in Carson’s army
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Parties and policy making in Ireland
Donnacha Ó Beacháin

Fianna Fáil also believed that its republican credentials gave it a unique ability to appreciate the importance of the ‘national question’. Its narrative of post-independence history depicted Fine Gael as national quislings, the heirs of those that had compromised Ireland’s independence during the Treaty negotiations and acquiesced in the partition of Ireland by virtue of the tripartite agreement of 1925 arising from the Boundary Commission report. 6 From Partition to Brexit Few opportunities were lost to stress the revolutionary credentials of Fianna Fáil

in From Partition to Brexit
Abstract only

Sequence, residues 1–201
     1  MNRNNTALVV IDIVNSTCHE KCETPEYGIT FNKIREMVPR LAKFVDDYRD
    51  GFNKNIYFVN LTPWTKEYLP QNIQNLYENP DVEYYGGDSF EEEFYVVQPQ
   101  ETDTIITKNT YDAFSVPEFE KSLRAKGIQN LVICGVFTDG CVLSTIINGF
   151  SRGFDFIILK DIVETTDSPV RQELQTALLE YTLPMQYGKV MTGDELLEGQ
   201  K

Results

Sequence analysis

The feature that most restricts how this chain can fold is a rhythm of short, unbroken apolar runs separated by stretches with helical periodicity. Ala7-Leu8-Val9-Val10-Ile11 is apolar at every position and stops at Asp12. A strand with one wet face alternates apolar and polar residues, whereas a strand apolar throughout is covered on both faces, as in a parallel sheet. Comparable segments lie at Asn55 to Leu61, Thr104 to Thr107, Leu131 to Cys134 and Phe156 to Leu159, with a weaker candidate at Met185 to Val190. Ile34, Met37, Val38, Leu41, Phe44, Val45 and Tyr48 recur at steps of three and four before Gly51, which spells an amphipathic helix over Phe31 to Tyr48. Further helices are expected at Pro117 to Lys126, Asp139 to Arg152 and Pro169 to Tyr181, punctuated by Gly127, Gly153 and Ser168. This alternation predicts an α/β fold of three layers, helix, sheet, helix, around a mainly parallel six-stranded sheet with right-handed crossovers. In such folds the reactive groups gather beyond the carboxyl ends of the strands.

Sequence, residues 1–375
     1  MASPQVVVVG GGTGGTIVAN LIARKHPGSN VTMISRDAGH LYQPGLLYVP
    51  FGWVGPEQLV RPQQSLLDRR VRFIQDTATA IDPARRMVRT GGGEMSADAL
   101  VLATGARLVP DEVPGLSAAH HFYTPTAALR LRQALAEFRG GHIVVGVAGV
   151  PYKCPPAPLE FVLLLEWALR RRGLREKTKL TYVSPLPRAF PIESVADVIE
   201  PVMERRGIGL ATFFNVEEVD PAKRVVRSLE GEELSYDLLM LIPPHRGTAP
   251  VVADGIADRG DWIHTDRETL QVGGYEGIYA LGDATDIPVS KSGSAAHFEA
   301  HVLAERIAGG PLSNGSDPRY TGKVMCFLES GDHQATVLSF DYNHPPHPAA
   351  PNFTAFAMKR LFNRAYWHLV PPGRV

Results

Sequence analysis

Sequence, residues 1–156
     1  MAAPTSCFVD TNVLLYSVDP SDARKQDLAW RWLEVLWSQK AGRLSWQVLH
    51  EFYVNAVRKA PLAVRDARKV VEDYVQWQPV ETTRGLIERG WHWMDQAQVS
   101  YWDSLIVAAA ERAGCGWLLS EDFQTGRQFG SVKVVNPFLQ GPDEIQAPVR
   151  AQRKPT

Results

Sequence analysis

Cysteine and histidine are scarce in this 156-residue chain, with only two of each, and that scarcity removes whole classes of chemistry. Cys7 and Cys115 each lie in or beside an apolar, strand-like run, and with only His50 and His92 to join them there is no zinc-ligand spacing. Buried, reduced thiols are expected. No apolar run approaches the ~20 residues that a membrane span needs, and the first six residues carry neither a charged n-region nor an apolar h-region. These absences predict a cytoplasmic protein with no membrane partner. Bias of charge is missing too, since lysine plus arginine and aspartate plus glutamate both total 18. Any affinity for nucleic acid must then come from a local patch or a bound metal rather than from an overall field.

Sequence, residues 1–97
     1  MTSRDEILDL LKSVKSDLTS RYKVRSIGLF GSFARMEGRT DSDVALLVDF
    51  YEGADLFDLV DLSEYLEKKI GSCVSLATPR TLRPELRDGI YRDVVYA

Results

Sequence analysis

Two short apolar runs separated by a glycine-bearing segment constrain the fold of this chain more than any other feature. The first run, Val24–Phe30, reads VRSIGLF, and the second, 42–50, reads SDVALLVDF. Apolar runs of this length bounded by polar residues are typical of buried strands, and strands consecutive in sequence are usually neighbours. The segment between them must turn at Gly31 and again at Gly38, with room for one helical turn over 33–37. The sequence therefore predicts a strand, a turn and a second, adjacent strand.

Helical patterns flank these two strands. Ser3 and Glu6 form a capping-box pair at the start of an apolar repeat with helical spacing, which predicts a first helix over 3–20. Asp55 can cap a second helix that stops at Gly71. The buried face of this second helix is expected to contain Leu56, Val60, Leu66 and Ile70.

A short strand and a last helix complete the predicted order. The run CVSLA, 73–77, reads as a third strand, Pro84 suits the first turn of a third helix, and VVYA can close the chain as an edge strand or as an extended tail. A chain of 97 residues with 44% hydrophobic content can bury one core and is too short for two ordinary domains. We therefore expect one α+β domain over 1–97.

Christopher Norton

between pro and anti-Treaty factions of Irish republicanism. However, at the time of its signing, attention in the North focused on article 12 of the Treaty which allowed for the ­establishment of a 4 Introduction Boundary Commission to adjudicate on the final contours of the border between the Irish Free State and Northern Ireland. Republican p ­ lenipotentiaries at the Treaty negotiations with the British government assumed that the workings of the Boundary Commission would result in the transfer of substantial tracts of northern territory to the South; it was also

in The politics of constitutional nationalism in Northern Ireland, 1932–70
Abstract only
Jonathan Hearn

Conservative government is exploring options in what is expected to be a long-drawn-out process of delivering Brexit. That process officially began on 29 March 2017, when the UK invoked Article 50 of the Lisbon Treaty. Negotiations for exit are supposedly to be concluded within two years. Behind these events lies a deeper issue, of a changing political and economic landscape, and the weakening grip of the established two-party system, Labour and Conservative, on that terrain. There has been a fundamental historical shift, from a more industrially based economy with a